McKinsey: Economic Conditions Snapshot, March 2018

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McKinsey has just released it’s latest Economic Outlook report. Some highlights of what is always a must-read:

 

Respondents around the world are sanguine about the current state of the global economy and their economies at home, according to McKinsey’s newest survey on economic conditions.1But as they look ahead, they are less likely to expect global improvements, and their views divide along regional lines. Respondents in developed economies report a much more guarded outlook on their own economies, the world economy as a whole, and their trade prospects, relative to their peers in emerging economies. In particular, those in North America are more likely than others to expect declining economic conditions and trade levels, as well as changes in trade policy.

Overall, the results underline the central role that the United States plays in respondents’ thinking about growth prospects. When respondents were asked which countries will provide their companies with the biggest growth opportunities in the next year, they most often cite the United States, where interest rates—along with trade policy—have become outsize concerns. In every other region, executives also cite changes in trade policy as a risk to global growth. Since our previous survey, the share saying so has more than doubled, and the issue has also emerged as a growing risk to domestic growth and to the growth of respondents’ companies.

 

The results also indicate a growing divide between emerging- and developed-economy expectations, at both the country and global levels. Since the last survey, the percentage-point difference between the two groups’ expectations for improving domestic conditions has doubled. Even more striking, the gap between the percentages predicting domestic growth (as opposed to contraction or no change) has tripled. In both cases, the emerging-economy respondents are more likely to be hopeful. Sixty percent in emerging economies believe that domestic conditions will improve, for example, compared with only 40 percent of their developed-economy peers. And while overall positivity on the global economy has declined since December,2respondents in emerging economies are more likely than their peers elsewhere to predict improvements and increasing growth rates in the global economy (Exhibit 2); three months ago, responses from the two groups were roughly aligned.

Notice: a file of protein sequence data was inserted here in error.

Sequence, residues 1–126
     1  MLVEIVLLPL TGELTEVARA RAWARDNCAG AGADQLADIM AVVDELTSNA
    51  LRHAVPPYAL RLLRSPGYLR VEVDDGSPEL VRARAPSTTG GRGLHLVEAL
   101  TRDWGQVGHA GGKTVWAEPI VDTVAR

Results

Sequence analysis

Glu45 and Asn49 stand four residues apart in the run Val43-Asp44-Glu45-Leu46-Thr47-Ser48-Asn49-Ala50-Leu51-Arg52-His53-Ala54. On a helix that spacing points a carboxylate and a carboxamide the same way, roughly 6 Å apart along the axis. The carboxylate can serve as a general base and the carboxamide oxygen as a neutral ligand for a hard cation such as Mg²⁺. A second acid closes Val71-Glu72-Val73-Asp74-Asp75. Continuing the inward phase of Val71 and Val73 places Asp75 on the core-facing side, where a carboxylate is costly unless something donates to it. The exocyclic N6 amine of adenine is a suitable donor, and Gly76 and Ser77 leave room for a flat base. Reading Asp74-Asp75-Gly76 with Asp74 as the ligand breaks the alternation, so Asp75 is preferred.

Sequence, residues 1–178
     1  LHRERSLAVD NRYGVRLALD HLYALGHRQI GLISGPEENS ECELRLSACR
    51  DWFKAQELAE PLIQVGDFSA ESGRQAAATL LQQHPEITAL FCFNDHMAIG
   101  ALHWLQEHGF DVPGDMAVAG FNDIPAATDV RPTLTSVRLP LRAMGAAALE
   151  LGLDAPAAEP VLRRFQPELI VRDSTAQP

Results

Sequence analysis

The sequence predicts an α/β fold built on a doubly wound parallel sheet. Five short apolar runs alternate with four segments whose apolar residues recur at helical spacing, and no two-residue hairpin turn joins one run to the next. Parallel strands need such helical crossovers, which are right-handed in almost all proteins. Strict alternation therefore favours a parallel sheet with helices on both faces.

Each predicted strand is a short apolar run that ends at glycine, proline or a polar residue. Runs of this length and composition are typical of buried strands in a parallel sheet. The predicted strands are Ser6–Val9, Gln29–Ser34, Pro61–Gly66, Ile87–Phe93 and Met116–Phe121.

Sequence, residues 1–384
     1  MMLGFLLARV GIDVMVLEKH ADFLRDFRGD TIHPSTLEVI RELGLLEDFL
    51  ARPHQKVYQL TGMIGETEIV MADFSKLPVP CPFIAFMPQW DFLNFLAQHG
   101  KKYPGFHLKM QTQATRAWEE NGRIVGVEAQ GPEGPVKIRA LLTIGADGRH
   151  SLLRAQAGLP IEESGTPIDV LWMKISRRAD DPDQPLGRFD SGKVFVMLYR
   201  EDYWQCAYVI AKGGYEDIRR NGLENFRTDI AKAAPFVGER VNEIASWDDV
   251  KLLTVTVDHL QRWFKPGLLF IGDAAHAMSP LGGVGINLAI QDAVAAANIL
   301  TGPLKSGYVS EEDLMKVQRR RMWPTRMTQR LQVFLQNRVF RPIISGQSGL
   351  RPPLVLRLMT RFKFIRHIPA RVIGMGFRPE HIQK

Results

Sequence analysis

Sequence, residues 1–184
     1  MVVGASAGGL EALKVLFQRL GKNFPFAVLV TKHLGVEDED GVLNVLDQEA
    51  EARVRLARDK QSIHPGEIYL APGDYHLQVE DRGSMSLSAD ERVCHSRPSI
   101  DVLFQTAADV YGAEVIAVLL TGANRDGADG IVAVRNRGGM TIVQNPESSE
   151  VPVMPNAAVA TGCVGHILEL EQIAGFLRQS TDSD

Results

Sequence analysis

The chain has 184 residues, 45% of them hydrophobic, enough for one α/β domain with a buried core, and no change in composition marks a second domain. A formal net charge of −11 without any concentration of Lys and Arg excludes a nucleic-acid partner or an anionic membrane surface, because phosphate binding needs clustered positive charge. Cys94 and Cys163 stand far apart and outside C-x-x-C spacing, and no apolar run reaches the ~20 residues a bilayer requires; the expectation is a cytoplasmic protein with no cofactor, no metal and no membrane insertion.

In the latest survey, trade issues have also emerged as a threat to growth globally, domestically, and at the company level. Changes in trade policy are cited most often on average and in every region as a risk to the global economy’s growth in the next year. Further, the share saying so has more than doubled since December (Exhibit 5). As a risk to domestic growth, changes in trade policy are identified second most often (32 percent select it, up from 21 percent three months ago). And as a risk to their companies’ growth in the year ahead, respondents are twice as likely as in December (26 percent, up from 13 percent) to cite changes in the trade environment.

Even in the midst of trade-related threats, respondents remain enthusiastic about their companies’ prospects. Two-thirds predict their profits will increase in the next six months, as we saw in December, and 58 percent expect demand will increase over that same time. Also consistent with earlier surveys are respondents’ views on the best opportunities for growth. Respondents are most likely, as they have been in the past six surveys, to cite growth in existing markets (38 percent say so) as the biggest opportunity for their companies in the year ahead.

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